Alert reader Robert “sent in” an article from Neuron this month (actually, he just walked over and showed it to me since we’re in the same lab). It is in keeping with the string of “brain chip” articles that The Big Upshot has been pleased to bring to the table. Miyawaki et. al. report in their article, “Visual Image Reconstruction from Human Brain Activity using a Combination of Multiscale Local Image Decoders” that they have successfully used fMRI brain scanning to reconstruct a person’s visual field.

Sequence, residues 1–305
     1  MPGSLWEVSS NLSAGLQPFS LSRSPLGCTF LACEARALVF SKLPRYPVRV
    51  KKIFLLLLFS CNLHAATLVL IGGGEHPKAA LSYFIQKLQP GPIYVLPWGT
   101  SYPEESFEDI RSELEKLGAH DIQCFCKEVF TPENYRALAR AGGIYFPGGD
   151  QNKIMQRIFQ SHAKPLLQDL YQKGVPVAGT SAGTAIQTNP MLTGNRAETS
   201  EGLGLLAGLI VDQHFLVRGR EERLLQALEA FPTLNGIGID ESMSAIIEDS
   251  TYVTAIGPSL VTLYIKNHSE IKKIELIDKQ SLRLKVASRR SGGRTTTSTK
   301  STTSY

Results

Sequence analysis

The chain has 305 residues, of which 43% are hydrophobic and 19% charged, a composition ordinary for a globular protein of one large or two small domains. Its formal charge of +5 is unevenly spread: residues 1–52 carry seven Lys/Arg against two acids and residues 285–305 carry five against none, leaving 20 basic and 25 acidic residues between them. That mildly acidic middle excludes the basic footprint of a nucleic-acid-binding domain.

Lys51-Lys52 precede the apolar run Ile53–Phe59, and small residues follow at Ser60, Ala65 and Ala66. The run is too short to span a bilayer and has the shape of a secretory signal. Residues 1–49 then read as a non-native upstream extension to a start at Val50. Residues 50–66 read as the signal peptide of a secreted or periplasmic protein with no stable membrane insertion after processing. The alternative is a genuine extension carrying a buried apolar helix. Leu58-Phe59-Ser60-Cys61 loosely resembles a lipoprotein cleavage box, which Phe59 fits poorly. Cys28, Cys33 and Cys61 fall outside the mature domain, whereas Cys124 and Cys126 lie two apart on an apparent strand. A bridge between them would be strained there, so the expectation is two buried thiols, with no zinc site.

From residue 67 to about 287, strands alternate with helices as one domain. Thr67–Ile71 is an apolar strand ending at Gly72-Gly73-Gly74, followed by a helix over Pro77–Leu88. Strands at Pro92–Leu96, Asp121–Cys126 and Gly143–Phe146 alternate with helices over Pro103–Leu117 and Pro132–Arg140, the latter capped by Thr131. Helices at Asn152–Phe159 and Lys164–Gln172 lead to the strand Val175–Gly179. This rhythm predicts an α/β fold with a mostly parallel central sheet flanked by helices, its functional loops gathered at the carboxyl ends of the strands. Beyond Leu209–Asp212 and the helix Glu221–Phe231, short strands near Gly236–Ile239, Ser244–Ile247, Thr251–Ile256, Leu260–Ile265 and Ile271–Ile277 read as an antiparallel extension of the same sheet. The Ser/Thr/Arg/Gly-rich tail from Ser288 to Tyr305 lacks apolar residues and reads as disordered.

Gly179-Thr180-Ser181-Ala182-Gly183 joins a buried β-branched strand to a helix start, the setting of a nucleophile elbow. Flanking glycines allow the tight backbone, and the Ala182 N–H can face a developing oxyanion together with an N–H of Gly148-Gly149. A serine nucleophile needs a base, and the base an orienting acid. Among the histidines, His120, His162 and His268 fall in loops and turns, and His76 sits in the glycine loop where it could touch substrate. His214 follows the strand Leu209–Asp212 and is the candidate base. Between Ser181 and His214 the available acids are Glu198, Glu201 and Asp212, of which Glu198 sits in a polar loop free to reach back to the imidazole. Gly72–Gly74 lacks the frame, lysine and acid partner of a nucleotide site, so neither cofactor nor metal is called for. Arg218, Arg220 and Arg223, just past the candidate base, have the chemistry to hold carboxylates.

Let me be perfectly clear. The Japanese can scan a person’s brain and determine what that person is seeing. How long before they can tell what a person is dreaming?
My grandmother told me that, years ago, people were worried about being hooked up to an electroenceephalogram. They would ask “you can’t read what I’m thinking, can you?”
Of course not. The EEG was far too low-resolution. But this… well… you don’t have anything to hide, right?
To be fair, the reconstituted image quality is not great. So at best these dream images would be of voyeur-tabloid quality. I don’t know if that makes the whole scenario better or worse.